People who are looking to have a healthier lifestyle will realize that though potatoes are fine in moderation, they contain many carbohydrates. Alternatives to potatoes may help people who are looking to cut carbs or who are diabetic. There are some vegetables that can replace potatoes but still have a similar consistency and will allow you to enjoy some of your potato themed dishes.


Cauliflower is closely related to the broccoli flower. When finding good quality cauliflower, take note of the color; it should be a bright white. The flower itself should be firm and the outer leaves should be a bright, fresh looking green. To make a version of mashed "potatoes" with cauliflower, cut the cauliflower into quarters, leaving out the green leaves, and boil in hot water until it is fork tender. Drain the water and place the cauliflower in a food processor with 2 tbsp. of butter and 1 tsp. of chicken bouillon granules. Blend the mixture. Then add 2 tbsp. of heavy cream and blend again to finish the dish.


The turnip is a member of the cabbage family that can also be used in place of potatoes. You can follow the same recipe to make mashed turnips, which will have more of a bite compared to the cauliflower version. You can also slice turnips into fries, use them in place of potatoes in stews or make turnip hash browns. Just shred the turnips and place the pile into a hot buttered skillet. Cook until both sides are golden brown.


Jicama, or the yam bean root, comes from Mexico and South America. In order to eat this root, you must remove the rough and fibrous light brown skin. It is slightly sweet in taste and can replace potato in most dishes. Jicama can also be eaten raw. You can bake, boil, fry or steam jicama.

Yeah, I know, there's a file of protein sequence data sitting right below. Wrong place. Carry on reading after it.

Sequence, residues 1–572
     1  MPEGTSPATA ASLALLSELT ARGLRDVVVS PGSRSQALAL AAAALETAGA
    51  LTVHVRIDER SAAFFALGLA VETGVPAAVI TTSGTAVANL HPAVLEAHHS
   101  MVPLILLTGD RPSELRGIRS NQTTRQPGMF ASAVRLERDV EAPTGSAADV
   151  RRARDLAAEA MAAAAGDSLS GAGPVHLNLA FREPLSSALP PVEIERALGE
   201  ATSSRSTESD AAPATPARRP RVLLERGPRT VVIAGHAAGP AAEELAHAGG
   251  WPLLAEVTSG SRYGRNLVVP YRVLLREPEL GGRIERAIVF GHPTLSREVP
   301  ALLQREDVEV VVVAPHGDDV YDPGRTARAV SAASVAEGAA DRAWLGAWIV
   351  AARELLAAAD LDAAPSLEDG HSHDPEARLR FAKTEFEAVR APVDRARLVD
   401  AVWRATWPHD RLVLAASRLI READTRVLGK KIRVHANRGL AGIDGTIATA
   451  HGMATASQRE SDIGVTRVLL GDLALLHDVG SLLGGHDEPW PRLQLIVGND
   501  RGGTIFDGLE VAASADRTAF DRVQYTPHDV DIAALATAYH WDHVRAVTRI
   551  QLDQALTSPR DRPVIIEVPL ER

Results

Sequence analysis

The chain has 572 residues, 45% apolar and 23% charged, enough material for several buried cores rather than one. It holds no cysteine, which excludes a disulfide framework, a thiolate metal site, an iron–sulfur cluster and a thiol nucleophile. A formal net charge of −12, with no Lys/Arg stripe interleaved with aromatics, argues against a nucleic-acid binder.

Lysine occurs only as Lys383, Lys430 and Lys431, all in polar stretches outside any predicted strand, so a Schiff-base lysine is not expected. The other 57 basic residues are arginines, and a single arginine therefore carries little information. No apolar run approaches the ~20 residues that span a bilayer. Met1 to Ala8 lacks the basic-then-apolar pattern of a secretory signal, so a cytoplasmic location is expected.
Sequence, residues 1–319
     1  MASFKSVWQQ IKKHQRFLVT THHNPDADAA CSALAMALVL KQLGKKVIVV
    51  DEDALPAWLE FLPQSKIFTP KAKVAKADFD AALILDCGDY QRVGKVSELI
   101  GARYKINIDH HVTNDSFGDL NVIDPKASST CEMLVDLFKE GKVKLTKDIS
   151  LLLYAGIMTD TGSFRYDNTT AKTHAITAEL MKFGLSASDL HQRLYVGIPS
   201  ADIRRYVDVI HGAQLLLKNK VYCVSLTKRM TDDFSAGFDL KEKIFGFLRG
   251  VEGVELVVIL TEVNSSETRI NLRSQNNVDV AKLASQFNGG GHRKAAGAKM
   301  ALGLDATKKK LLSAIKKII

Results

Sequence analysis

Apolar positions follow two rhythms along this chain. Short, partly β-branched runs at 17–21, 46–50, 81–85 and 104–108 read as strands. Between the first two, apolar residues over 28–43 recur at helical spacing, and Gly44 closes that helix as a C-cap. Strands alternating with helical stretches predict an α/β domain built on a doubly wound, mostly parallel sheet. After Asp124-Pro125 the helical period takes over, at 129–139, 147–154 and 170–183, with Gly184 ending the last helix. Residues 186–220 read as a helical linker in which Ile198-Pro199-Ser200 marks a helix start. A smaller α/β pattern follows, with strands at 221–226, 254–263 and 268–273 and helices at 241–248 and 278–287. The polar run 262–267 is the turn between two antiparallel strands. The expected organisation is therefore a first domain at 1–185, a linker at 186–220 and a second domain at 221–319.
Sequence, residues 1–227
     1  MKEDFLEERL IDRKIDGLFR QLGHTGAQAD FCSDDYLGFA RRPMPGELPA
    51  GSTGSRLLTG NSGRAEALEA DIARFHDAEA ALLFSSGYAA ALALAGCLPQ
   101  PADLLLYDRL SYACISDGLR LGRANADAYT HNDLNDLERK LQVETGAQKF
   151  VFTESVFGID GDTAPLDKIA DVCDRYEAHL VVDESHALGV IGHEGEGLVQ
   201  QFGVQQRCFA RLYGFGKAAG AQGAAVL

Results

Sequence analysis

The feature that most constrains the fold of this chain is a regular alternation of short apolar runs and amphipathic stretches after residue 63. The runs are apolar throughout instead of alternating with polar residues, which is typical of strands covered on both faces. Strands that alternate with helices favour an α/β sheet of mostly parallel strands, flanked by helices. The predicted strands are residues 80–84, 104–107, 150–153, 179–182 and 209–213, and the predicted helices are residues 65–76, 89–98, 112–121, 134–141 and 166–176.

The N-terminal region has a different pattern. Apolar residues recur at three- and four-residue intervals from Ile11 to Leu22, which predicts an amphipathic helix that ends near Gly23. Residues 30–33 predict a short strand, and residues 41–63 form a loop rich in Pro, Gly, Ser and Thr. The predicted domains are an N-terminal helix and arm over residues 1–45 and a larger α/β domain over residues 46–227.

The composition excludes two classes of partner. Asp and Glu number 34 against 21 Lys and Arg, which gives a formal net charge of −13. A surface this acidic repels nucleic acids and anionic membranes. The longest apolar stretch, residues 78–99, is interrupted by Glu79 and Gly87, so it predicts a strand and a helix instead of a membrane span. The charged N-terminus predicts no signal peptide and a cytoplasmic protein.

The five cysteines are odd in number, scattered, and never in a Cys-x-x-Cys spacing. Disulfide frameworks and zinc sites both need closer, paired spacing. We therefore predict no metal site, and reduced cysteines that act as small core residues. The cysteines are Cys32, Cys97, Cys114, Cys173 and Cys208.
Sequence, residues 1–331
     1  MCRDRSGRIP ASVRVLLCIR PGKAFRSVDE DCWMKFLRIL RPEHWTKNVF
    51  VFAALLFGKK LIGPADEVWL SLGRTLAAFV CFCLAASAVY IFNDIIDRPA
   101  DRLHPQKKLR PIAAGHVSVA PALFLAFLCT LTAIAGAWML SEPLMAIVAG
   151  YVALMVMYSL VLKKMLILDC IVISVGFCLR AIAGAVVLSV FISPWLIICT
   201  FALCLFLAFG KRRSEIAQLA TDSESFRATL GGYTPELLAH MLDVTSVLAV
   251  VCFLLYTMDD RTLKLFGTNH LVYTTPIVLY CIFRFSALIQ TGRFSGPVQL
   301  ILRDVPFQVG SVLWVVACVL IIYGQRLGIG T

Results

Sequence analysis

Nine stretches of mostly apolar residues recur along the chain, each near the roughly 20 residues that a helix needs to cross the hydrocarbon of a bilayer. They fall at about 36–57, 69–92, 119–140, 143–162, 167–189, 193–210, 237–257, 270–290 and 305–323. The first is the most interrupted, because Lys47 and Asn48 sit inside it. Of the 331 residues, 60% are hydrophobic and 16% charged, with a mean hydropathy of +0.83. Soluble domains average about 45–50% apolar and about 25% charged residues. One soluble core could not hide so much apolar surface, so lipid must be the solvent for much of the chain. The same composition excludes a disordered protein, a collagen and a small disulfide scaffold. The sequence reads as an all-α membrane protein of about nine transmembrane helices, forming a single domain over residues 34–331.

Celery Root

Celery root is a great alternative to potatoes if you want to make a scalloped potato dish. This baseball sized root can be peeling and sliced and used in your favorite cheesy dish. In order to pick fresh and good quality celery root, select firm roots that feel heavy. Wash the roots and remove as much dirt as possible and trim away the outer layer. Celery root can also be eaten raw.

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Stephanie Cai

Stephanie Cai began professionally writing for clients in 2010 and freelance writing in 2008. She is currently a writer for various online publications and is knowledgeable in fields such as health and beauty, fashion, celebrities, films and video games. Cai graduated from Hunter College with a Bachelor of Arts in creative writing.